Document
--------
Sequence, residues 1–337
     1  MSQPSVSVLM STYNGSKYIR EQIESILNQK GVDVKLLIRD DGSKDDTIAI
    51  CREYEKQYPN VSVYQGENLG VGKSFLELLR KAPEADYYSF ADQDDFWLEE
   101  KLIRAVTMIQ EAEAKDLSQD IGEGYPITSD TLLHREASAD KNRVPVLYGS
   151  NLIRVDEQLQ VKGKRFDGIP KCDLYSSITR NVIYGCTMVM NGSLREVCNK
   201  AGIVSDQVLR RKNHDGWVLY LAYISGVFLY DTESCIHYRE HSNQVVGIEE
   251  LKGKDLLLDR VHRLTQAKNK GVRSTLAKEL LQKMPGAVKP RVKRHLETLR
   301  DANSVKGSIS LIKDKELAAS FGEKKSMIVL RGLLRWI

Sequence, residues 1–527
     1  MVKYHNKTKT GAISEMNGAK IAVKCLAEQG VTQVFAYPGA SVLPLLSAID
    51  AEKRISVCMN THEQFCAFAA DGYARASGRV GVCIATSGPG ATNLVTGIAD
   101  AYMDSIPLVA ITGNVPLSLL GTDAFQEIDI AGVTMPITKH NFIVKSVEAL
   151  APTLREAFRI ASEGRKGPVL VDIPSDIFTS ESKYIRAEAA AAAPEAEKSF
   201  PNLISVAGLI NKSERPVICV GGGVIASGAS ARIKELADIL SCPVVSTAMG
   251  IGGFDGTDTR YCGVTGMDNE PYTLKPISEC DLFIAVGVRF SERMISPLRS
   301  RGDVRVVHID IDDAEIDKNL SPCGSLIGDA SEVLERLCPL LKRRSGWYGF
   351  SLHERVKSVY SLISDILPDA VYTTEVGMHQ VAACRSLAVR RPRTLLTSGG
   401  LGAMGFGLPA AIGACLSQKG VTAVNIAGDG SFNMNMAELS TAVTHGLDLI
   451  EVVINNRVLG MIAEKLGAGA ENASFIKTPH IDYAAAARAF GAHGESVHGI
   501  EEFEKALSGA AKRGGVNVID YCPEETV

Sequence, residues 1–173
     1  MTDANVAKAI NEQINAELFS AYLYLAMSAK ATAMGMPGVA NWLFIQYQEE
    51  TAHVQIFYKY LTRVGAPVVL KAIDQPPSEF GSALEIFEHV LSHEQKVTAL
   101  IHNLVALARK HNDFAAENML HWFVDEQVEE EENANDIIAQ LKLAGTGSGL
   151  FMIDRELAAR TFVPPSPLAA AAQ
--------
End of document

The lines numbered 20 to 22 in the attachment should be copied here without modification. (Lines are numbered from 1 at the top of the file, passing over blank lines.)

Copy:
   501  EEFEKALSGA AKRGGVNVID YCPEETV

Sequence, residues 1–173
     1  MTDANVAKAI NEQINAELFS AYLYLAMSAK ATAMGMPGVA NWLFIQYQEE